Shadowplay by Norman Lock

An uncanny tale of the limits and power of story telling, Shadowplay (Ellipsis Press, 137 pages) also works with a mesmerizing and subtle structure where the story repeats and folds into itself over and over again. Among Lock’s best work, it continues the self-conscious fascination and manipulation of the theme of “other” that appeared in works like A History of the Imagination and Land of the Snow Men. Here however Lock’s uproarious and dark-humored wit has been replaced with a different mode: that of a parable or fable. The alienation, vanity, occasional triumph, and seemingly inevitable destruction of the story-teller are almost classically illustrated in this compact and powerful tale.

–Eugene Lim, author of Fog and Car.

Guntur would tell stories from the Ramayana and the Mahabharata — for months and years he would tell them until they were enacted in the room without need of shadow puppets. Possibly no other dalang had ever made a theater of his thoughts alone. When Guntur did finally take the puppets in his hands and once more had mastered them, he was no longer an ordinary dalang. His power over the wayang kulit, over the stories’ gods and demons, princes and warriors—over the time and distances of myth—had no equal. Supernatural powers were now his and sufficient to the journeys he undertook to find Candra. Night after night, Guntur (in the form of Arjuna) and Arjuna (in the person of Guntur) traveled through all the heavens and hells known to the devout and to the damned. Guntur sat crosslegged behind the story-screen, sounding in his mind the music of the rebab and gamelan; and in his mind (which was also Arjuna’s), he searched the darkness. As Rama had pursued Sinta to Rahwana’s castle, so did they now—Guntur and Arjuna—pursue Candra across rivers, over white deserts, and through bleak forests. They went on foot, in boats, and on the backs of elephants. They flew with Gatotkaca, the Flying Knight, above the Sudirman Mountains. Each night they advanced farther, stopping at dawn in exhaustion under a tree, in a cave or a tent erected in the desert against the desert’s heat. And when the light was gone once more from the sky, Guntur sat on the floor behind the story-screen and began his journey anew — Arjuna’s journey and his own.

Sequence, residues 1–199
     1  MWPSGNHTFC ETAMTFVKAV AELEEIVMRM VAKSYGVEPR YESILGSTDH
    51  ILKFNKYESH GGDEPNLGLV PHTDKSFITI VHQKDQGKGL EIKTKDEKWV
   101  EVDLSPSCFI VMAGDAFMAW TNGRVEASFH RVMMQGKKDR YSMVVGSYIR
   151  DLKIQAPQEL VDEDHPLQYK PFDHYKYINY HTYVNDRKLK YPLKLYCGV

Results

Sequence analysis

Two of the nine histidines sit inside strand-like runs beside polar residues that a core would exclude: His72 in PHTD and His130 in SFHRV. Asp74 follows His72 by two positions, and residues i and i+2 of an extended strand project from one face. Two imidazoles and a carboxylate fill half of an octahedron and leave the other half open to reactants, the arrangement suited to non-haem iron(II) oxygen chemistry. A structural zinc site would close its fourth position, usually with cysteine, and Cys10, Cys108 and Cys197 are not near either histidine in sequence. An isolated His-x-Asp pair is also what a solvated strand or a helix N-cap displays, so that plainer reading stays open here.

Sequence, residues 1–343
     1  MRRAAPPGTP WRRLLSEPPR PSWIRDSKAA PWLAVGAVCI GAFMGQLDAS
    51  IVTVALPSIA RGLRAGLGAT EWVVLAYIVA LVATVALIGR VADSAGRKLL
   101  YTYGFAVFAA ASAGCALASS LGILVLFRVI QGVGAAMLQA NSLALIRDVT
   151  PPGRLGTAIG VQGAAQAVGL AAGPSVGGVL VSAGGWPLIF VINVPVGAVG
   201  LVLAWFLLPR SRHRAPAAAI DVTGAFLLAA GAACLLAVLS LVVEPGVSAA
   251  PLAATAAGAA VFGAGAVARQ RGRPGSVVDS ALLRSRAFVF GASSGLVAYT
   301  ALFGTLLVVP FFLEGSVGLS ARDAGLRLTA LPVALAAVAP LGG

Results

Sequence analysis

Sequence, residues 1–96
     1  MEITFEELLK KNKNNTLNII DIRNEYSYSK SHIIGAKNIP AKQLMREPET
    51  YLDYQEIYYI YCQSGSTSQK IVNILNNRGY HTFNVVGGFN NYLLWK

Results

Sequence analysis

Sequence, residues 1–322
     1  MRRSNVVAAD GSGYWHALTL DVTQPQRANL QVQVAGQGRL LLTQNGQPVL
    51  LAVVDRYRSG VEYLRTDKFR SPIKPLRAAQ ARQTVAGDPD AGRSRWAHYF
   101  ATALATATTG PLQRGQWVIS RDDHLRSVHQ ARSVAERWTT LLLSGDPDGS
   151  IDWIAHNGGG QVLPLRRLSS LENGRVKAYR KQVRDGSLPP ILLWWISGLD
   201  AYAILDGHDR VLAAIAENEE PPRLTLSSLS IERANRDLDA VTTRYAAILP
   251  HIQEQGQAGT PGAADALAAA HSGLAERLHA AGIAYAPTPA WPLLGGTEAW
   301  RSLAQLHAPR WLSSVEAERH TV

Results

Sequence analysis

The ways leading to the Land of the Dead are not straight. They move, they go forward and double back on themselves. They writhe hypnotically like white snakes of snow before the wind; like certain snakes, they devour themselves. The ways are like carpets taken up at the beginning of summer and laid down in the wrong rooms at summer’s end. Demons harry the wayfarers with snares, with fog and confusion. One can arrive in the afterlife by dark or lighted paths, but one cannot always be certain which of the two he has taken or if the path on which he set out is the same as he now finds himself. The ways leading to the Land of the Dead are strange and forbidding, and there is more than one fatal land.

Guntur came to understand that the ways are, in actuality, sentences composing — in his case — the story of his rescue of Candra, which was more difficult than Rama’s of Sinta, who had not been ravished by death but by a monster. Prince Rahwana had become enamored of Sinta, the beautiful wife of Prince Rama. Disguising himself as an old man, Rahwana erased with his own magic the magic circle Rama’s brother had drawn round Sinta to protect her in her husband’s absence. Rahwana took her by force to Alangkadiraja — his kingdom — and locked her in Alengka, his castle. Aided by the Monkey King, Prince Rama followed the monster and slew him with a magic arrow.

Guntur invoked Sinta’s story, hoping to repeat its happy outcome. But he failed. For a hundred nights, he and Arjuna traced her path from the Dandaka Forest, where Sinta and Rama lived out their exile, across the desert and into the mountains of Alangkadiraja. A hundred times they besieged Rahwana’s castle, a hundred times broke down Alengka’s great door, and a hundred times slew the monstrous prince with magic arrows. But Candra was never there. Candra’s story was not Sinta’s, and Guntur would not find the young woman in the brown sarong in Alangkadiraja.

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